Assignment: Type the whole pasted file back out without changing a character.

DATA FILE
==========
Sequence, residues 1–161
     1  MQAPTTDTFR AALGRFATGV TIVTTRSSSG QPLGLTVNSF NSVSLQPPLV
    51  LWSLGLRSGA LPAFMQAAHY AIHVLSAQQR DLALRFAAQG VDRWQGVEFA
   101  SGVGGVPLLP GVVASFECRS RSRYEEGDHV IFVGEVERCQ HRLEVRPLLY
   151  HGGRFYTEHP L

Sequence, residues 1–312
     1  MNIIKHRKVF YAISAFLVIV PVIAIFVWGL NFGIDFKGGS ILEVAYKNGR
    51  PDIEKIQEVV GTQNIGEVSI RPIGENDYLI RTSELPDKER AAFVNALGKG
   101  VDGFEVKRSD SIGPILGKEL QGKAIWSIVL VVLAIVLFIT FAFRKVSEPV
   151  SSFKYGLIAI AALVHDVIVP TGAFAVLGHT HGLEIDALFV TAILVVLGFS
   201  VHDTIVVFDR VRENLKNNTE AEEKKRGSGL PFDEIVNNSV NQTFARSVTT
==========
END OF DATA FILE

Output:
Sequence, residues 1–161
     1  MQAPTTDTFR AALGRFATGV TIVTTRSSSG QPLGLTVNSF NSVSLQPPLV
    51  LWSLGLRSGA LPAFMQAAHY AIHVLSAQQR DLALRFAAQG VDRWQGVEFA
   101  SGVGGVPLLP GVVASFECRS RSRYEEGDHV IFVGEVERCQ HRLEVRPLLY
   151  HGGRFYTEHP L

Sequence, residues 1–312
     1  MNIIKHRKVF YAISAFLVIV PVIAIFVWGL NFGIDFKGGS ILEVAYKNGR
    51  PDIEKIQEVV GTQNIGEVSI RPIGENDYLI RTSELPDKER AAFVNALGKG
   101  VDGFEVKRSD SIGPILGKEL QGKAIWSIVL VVLAIVLFIT FAFRKVSEPV
   151  SSFKYGLIAI AALVHDVIVP TGAFAVLGHT HGLEIDALFV TAILVVLGFS
   201  VHDTIVVFDR VRENLKNNTE AEEKKRGSGL PFDEIVNNSV NQTFARSVTT